The Boys Of Summer

I was born in 1960 and have played baseball since I can remember. There were no formalized leagues in the 1970s for kids younger than 9, but we played pickup games every day. Today those games seem a thing of the past. I hate to sound like an old man, but the game has sure changed in many ways, as have the lessons and benefits.

As kids, once we finally got on a real team, we looked forward to finding out our team’s name. In spite of their record in the 1970s, we still wanted to be the Cleveland Indians. Running out to take our positions, we would yell, “I’m Greg Nettles” or “I’m Ray Fosse” or “I’m Gaylord Perry.” The Tribe games were heard in static-laden tones from a tiny single speaker in an AM radio ($1.98 at Woolworth’s) that dangled from a strap hung on our bicycle handlebars. We memorized the images from baseball cards and stood like the players, batted like the players, and tried to spit a lot because that was a sign of being cool. Even then, there was a certain prestige if you played for the Yankees or the new-style ‘70s, hipper “A’s” with players like Rawley Fingers and Blue Moon Odom to emulate.

Coaches were different then also. Most coaches were a bit plump with visible “former athlete” signs: a heavy but hard gut, strong arms, balding head and a farmer’s tan. Most came to afternoon practice in factory-line clothing straight from work. They were not above a little name-calling or a few chiding remarks. “For cryin’ out loud, Seensooty, get under the ball!”

But the players shook those comments off because everybody got the same treatment, and it helped a boy develop thicker skin. Grown-ups were always yelling at kids about something anyway; it was part of the territory. We played hard, swung for the fences, and slid into every base we could–for nothing else but to create dust around us. Baseball had a taste and smell and an aura like nothing else. We just wanted to play.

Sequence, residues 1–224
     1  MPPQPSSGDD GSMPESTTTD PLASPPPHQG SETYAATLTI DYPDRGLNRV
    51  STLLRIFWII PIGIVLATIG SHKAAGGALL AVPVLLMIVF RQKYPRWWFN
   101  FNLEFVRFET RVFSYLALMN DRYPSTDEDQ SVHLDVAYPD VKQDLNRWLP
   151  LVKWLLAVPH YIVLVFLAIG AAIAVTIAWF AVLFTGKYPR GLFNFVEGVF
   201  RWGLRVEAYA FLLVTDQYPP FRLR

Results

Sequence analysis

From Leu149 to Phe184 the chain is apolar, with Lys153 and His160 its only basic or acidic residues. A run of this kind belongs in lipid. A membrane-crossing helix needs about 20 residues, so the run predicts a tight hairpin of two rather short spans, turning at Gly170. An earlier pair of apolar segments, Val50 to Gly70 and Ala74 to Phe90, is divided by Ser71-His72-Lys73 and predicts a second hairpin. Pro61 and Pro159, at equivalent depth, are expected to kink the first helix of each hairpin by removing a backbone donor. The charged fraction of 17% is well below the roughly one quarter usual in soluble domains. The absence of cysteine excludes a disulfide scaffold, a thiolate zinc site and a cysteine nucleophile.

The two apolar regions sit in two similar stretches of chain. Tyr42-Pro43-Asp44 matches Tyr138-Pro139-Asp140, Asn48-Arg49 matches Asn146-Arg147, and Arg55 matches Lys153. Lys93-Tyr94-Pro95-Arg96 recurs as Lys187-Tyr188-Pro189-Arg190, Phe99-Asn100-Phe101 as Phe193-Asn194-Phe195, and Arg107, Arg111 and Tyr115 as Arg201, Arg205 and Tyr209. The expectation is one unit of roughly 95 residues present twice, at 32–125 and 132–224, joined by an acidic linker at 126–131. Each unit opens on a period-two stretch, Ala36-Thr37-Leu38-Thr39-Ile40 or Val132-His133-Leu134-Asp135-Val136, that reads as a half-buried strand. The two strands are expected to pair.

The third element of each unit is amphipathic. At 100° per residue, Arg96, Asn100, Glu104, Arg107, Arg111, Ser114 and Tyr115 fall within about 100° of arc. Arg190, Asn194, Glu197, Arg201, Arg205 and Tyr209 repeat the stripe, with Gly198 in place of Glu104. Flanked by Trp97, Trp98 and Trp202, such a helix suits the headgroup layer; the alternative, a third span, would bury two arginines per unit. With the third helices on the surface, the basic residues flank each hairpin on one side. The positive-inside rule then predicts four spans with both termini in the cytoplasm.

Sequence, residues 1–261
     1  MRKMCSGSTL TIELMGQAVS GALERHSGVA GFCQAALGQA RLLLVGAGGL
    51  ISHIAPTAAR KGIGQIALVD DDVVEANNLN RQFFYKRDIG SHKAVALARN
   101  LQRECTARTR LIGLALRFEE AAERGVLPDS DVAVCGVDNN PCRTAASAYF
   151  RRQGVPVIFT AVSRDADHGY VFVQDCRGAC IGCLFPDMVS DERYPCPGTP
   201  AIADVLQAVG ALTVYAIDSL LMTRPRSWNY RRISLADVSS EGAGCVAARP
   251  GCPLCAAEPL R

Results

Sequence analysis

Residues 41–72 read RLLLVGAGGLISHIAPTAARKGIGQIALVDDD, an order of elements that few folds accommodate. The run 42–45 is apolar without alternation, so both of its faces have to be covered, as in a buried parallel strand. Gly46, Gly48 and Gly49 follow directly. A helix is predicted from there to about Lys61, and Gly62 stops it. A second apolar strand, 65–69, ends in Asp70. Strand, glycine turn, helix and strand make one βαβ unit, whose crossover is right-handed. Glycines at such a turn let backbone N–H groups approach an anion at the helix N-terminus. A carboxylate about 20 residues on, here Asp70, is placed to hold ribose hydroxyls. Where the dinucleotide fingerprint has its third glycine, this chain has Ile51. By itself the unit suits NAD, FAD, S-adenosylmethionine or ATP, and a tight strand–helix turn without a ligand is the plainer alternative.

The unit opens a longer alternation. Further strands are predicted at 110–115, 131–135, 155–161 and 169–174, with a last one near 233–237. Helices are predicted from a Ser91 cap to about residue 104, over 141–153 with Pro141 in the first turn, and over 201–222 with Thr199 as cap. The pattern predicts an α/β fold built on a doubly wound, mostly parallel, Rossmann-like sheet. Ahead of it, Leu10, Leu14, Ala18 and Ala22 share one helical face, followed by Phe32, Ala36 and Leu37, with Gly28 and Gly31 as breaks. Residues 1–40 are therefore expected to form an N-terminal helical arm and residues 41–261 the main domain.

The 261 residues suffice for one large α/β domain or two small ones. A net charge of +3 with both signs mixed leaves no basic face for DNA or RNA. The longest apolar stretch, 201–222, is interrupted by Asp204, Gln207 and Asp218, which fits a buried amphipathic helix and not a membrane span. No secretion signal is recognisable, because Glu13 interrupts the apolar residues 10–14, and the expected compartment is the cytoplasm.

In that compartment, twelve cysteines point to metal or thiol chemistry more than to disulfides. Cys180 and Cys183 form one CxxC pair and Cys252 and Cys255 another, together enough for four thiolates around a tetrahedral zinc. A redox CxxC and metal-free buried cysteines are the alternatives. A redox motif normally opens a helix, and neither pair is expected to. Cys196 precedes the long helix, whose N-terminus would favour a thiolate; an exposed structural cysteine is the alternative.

Not What It Used To Be

When I became a father decades later, I began to coach my son and found the game had changed from several perspectives. In the late 1980s and early 1990s it was no longer OK to name a Little League team after a professional team. After all, there were royalties to be paid for using the team name. Now let me pause here to compliment the wizard attorney or agent that came up with this one. Let’s try to get professional baseball team names NOT to be repeated as often as possible and to be sure that kids don’t imitate their heroes because we may lose the enormous windfall from the Rotary Club that buys the jerseys and puts the names on them.

Talk about “give me a break.” As a result, the teams in my son’s league were named “The Bulldogs,” “The Tasmanian Devils” and even “The Eagles” (they evidently snuck that one past the Philadelphia football franchise). But it didn’t faze the kids because baseball heroes were already in decline. In my day, a Cleveland Indian usually stayed a Cleveland Indian until he retired. He was a hometown icon–touchable, reachable. Today’s kids know about free agency and follow the player from team to team throughout his career; loyalty is not even a consideration. Most kids can quote a player’s salary and understand what a “signing bonus” is as well as the advantage of product endorsements (thanks, LeBron).

Also, kids today want to be “specialists.” When we played, we tried every position and rotated all summer long, getting experience at everything. Try today to get your shortstop to play the outfield. The look you get can turn water into ice.

This brings up another monstrous difference. I can honestly say that, by the end of every season I have coached recently, I have seen most if not all of my players cry–through frustration, pain, disappointment, embarrassment and more. Yet I recall as a kid there was nothing more emasculating than shedding tears. I took a fast pitch to the ear once that sent my brain rocking, but I dropped the bat and ran to first. Biting my lip and trying to stay on my feet, I could hear people saying, “Did it hit him?”

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